Eating Disorders and Young Athletes

photo of a person standing on a scale

Sports and Disordered Eating

While sports and organized activities can be helpful when it comes to the development of teamwork and leadership skills, they can also take a toll on your teen’s mental health and body image. Young adults don’t always know how to express their negative thoughts and feelings, making it essential to know the warning signs that your child athlete may be struggling with an eating disorder. Here’s what you should know.

Common Sports Associated with Eating Disorders

Although there are more reports of eating disorders affecting young girls and women, boys and young men are also susceptible to developing an eating disorder. It is also important to note that young athletes are at a greater risk of developing eating disorders when their sport focuses on individual performance, weight requirements, and appearance. Some of these sports include:

  • Dancing
  • Gymnastics
  • Swimming
  • Bodybuilding
  • Wrestling
  • Rowing/crew
  • Figure skating
  • Running/track

Anorexia Nervosa

Anorexia Nervosa is an eating disorder characterized by a person’s restriction of the number of calories and types of food that they eat. It is important to note that you cannot tell if someone has anorexia by simply looking at them; people living with this eating disorder are not always visibly underweight.

Signs and symptoms may include:

  • Preoccupation with food, weight, calories, and dieting
  • Difficulty maintaining a consistent body weight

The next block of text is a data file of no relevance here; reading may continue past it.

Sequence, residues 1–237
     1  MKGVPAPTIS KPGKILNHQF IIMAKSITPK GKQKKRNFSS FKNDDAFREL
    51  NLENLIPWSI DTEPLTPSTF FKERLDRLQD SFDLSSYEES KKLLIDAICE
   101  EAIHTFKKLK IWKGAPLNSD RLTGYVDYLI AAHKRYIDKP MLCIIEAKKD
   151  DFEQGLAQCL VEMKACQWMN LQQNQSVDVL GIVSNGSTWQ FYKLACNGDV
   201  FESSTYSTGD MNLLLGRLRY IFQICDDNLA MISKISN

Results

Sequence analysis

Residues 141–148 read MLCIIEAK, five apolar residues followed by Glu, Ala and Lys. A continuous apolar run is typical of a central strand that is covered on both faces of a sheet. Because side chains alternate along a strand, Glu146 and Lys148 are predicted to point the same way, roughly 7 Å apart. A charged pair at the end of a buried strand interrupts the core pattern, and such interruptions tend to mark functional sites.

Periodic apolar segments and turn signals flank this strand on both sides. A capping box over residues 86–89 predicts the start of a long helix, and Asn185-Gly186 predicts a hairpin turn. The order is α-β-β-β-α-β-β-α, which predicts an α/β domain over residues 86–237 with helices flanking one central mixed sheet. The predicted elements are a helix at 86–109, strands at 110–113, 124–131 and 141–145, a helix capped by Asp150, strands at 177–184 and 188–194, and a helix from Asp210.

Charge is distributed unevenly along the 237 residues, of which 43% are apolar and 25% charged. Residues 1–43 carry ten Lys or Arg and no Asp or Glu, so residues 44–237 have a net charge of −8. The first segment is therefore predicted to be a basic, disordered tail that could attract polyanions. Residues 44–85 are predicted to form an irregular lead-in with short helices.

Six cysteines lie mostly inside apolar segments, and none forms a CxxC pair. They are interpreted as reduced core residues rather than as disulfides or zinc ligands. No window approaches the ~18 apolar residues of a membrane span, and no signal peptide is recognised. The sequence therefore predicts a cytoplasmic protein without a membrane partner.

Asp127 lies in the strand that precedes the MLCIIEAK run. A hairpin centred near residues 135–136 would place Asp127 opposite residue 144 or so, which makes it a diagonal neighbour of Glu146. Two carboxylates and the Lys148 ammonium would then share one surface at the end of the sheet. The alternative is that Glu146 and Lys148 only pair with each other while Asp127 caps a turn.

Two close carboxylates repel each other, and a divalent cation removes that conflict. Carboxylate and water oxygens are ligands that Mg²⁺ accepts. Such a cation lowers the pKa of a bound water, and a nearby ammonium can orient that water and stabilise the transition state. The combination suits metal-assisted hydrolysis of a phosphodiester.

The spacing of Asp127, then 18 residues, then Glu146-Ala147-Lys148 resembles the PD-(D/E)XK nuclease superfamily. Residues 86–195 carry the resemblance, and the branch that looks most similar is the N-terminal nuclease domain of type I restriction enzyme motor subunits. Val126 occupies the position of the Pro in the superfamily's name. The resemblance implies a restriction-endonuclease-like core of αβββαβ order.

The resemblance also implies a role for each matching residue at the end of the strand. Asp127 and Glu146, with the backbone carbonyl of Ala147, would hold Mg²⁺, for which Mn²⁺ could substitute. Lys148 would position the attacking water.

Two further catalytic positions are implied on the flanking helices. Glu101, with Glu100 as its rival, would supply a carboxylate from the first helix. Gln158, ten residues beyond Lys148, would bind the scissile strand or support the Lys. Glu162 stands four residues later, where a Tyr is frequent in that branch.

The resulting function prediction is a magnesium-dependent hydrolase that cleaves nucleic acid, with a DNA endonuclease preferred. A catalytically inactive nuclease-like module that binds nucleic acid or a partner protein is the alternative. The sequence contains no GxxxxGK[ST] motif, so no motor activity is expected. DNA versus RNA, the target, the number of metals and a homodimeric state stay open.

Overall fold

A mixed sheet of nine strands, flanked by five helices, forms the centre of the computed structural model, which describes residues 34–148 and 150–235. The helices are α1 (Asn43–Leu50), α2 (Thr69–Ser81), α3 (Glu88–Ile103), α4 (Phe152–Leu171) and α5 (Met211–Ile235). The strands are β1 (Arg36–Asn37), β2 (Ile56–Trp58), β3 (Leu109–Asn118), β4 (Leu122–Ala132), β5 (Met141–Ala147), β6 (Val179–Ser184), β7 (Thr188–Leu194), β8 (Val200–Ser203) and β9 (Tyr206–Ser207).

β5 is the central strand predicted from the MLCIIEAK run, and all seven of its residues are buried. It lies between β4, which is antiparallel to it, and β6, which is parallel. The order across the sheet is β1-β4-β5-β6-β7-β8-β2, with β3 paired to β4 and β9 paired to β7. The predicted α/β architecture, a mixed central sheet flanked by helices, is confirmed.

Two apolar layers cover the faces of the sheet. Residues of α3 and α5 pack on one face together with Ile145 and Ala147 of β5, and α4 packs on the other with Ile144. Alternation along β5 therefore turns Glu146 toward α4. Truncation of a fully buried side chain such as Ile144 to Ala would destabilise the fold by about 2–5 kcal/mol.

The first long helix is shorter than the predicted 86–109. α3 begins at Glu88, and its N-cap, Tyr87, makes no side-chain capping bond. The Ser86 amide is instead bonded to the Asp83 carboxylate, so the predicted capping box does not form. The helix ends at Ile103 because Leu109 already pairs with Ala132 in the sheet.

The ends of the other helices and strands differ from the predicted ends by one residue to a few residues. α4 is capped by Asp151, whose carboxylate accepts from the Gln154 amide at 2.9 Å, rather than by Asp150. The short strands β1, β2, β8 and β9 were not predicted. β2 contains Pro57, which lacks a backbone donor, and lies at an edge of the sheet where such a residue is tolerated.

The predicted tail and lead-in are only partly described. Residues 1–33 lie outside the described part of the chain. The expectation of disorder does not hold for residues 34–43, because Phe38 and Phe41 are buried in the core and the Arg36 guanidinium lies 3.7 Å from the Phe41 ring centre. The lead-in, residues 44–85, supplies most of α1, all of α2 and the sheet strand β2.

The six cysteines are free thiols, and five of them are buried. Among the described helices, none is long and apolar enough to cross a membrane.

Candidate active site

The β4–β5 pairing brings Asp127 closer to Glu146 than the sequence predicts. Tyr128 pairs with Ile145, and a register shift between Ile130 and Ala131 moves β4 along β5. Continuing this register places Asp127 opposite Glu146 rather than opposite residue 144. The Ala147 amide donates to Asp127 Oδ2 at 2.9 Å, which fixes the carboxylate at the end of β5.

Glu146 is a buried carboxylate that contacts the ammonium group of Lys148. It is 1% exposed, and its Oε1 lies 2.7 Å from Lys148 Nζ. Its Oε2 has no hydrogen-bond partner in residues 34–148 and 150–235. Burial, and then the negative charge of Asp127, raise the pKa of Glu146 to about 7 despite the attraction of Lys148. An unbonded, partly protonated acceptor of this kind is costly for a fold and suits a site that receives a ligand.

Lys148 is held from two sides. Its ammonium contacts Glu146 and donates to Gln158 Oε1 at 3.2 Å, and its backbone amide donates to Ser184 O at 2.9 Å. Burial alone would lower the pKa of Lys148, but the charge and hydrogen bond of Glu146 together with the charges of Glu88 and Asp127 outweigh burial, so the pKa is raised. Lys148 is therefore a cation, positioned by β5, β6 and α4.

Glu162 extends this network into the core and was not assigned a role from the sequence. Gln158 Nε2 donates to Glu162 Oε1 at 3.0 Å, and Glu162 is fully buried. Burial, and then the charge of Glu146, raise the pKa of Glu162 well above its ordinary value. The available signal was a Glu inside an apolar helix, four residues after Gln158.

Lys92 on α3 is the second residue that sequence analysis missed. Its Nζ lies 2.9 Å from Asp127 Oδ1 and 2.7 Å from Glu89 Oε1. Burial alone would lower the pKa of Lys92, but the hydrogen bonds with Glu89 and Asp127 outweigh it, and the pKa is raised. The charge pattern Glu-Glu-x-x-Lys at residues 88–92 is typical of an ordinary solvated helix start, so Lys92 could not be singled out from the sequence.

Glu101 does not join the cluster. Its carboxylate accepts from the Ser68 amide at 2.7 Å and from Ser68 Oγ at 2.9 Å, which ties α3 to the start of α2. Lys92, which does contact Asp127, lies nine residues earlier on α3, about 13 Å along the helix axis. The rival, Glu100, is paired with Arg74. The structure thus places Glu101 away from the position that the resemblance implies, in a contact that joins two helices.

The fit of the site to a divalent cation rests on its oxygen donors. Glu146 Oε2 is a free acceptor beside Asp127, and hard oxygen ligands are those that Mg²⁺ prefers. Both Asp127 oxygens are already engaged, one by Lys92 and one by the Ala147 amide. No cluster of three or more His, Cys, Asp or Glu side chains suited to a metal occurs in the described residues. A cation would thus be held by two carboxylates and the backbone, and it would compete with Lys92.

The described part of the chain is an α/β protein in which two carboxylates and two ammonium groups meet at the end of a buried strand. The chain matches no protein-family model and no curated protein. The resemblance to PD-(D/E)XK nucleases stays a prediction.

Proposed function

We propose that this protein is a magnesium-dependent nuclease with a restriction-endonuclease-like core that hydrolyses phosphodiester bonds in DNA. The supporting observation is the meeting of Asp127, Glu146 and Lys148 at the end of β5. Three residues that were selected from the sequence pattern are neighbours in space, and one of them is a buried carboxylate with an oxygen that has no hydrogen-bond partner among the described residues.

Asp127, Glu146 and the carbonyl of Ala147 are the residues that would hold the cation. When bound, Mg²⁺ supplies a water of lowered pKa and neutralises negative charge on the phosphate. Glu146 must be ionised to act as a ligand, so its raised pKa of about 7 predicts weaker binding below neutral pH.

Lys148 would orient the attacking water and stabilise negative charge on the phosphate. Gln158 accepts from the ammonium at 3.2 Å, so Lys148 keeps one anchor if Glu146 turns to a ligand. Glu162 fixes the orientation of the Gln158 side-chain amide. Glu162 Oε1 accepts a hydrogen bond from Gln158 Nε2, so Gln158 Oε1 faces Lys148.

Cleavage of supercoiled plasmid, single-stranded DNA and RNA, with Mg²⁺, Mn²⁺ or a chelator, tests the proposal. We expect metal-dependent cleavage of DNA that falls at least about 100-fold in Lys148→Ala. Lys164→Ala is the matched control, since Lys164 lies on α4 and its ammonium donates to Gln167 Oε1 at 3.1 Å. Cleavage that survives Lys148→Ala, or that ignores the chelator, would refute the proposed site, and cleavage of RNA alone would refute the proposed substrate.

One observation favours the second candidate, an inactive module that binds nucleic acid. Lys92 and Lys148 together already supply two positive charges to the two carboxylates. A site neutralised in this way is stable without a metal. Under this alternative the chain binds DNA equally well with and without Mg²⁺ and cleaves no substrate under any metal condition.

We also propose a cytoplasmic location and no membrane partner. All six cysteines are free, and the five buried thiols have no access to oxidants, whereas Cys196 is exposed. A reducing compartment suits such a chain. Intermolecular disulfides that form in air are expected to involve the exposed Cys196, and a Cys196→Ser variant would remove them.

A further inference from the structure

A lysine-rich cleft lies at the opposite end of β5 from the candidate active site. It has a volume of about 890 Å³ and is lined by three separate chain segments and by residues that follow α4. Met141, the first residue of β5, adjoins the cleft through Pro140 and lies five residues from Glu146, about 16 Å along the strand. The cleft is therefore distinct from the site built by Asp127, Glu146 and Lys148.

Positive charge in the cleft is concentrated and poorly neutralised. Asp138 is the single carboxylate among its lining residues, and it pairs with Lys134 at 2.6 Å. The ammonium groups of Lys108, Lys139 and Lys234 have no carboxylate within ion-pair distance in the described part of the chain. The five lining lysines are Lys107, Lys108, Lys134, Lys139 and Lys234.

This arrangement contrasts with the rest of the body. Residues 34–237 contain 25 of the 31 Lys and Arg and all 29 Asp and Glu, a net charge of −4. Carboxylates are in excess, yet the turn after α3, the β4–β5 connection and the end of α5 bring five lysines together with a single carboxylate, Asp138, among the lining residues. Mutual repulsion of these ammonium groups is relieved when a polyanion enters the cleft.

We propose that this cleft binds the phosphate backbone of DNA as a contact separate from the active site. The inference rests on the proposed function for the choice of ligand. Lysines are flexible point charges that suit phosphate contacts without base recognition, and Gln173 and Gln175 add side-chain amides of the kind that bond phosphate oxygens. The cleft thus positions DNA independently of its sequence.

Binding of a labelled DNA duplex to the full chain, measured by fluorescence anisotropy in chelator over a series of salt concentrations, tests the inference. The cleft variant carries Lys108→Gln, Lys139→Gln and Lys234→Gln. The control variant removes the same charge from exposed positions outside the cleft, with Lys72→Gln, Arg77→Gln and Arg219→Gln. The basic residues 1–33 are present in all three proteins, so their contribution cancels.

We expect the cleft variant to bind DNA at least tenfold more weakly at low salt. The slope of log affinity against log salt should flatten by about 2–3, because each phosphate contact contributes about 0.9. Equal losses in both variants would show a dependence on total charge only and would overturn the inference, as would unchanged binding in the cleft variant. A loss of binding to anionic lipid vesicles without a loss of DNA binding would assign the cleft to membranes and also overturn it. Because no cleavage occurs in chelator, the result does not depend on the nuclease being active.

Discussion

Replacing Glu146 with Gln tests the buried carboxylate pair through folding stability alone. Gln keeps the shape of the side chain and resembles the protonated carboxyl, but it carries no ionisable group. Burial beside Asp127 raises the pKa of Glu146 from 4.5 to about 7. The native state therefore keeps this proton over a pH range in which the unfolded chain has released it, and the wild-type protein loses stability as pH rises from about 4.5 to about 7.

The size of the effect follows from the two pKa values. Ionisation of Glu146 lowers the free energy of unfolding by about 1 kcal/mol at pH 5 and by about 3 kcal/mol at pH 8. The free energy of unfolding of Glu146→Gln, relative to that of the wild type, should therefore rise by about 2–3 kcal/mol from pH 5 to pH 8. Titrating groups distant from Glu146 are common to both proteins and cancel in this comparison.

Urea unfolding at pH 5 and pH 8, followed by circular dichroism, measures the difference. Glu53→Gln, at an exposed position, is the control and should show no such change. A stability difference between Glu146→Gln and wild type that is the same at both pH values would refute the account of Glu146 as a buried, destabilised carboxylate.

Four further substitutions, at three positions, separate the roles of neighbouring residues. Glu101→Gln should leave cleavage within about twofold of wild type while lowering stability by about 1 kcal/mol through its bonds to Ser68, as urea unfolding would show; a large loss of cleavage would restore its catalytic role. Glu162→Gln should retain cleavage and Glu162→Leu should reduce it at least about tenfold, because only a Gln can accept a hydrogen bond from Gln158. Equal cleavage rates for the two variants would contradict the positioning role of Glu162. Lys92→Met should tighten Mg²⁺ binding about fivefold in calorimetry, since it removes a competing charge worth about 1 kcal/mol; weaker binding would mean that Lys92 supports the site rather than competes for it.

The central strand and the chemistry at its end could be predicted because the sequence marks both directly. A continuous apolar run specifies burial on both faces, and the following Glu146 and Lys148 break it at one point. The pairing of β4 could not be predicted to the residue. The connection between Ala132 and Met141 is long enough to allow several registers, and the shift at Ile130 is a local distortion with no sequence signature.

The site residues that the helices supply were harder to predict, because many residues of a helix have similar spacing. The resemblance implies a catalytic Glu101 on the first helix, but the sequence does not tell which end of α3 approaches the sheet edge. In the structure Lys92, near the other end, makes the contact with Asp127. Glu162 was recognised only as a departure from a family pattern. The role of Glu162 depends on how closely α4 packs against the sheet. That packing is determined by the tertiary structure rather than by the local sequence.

• Lack of appetite
  • Avoiding family meals
  • Fear of gaining weight or becoming fat
  • Concerns with eating in front of others
  • Irregular menstrual periods
  • Feeling cold all the time
  • Thinning hair on head and body

And more.

Bulimia Nervosa

Bulimia nervosa is an eating disorder characterized by a person’s behavior of binge eating, followed by another action that is meant to prevent weight gain from the amount of food or calories consumed.

Binge eating is defined as eating more food than the average person would in a given time period, which is then associated with feelings of being out of control. Purging, or compensatory behavior to prevent weight gain, typically manifests in the following ways:

  • Self-induced vomiting
  • Using enemas or laxatives
  • Excessive amounts of exercise
  • Fasting for long periods before their next binge

Signs and symptoms may include:

  • Large amounts of food disappearing
  • Frequent trips to the bathroom following meals
  • Discomfort eating around others
  • Storing or hiding food in strange places
  • Excessive use of breath fresheners like mints, gum, and mouthwash
  • Discolored or stained teeth
  • Extreme mood swings

And more.

Binge Eating Disorder (BED)

Binge eating disorder (BED) is an eating disorder characterized by episodes of eating large amounts of food, often to the point of discomfort, while feeling a sense of lost control. These episodes are often followed by a feeling of shame or guilt.

Signs and symptoms may include:

  • Eating more food than the average person in a given period of time
  • Feeling as though they can’t stop eating
  • Eating more rapidly than usual
  • Eating until feeling uncomfortably full
  • Eating large amounts of food even when they aren’t hungry
  • Feeling disgusted with themselves after eating
  • Binge eating episodes at least once a week for three months

If you suspect that your teen may be suffering from an eating disorder, it is important that you speak with your child and initiate the conversation. It is also important that you seek treatment as quickly as possible to support your child on their journey to health and wellness.

Seeking Help at Tapestry

At Tapestry, our treatment programs are dedicated to understanding our clients as whole people with varied life experiences. Whether you have questions about mental health or how to support a loved one struggling with their mental health, we are here for you. Contact us today by filling out a confidential form or give us a call at (844) 299-1343.

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